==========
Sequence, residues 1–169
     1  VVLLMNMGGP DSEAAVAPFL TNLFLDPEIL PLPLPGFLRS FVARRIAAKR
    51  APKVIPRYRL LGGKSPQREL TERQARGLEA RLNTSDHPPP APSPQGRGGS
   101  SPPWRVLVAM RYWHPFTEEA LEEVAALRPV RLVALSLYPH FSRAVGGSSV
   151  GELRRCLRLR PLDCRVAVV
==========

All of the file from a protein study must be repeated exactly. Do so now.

Sequence, residues 1–169
     1  VVLLMNMGGP DSEAAVAPFL TNLFLDPEIL PLPLPGFLRS FVARRIAAKR
    51  APKVIPRYRL LGGKSPQREL TERQARGLEA RLNTSDHPPP APSPQGRGGS
   101  SPPWRVLVAM RYWHPFTEEA LEEVAALRPV RLVALSLYPH FSRAVGGSSV
   151  GELRRCLRLR PLDCRVAVV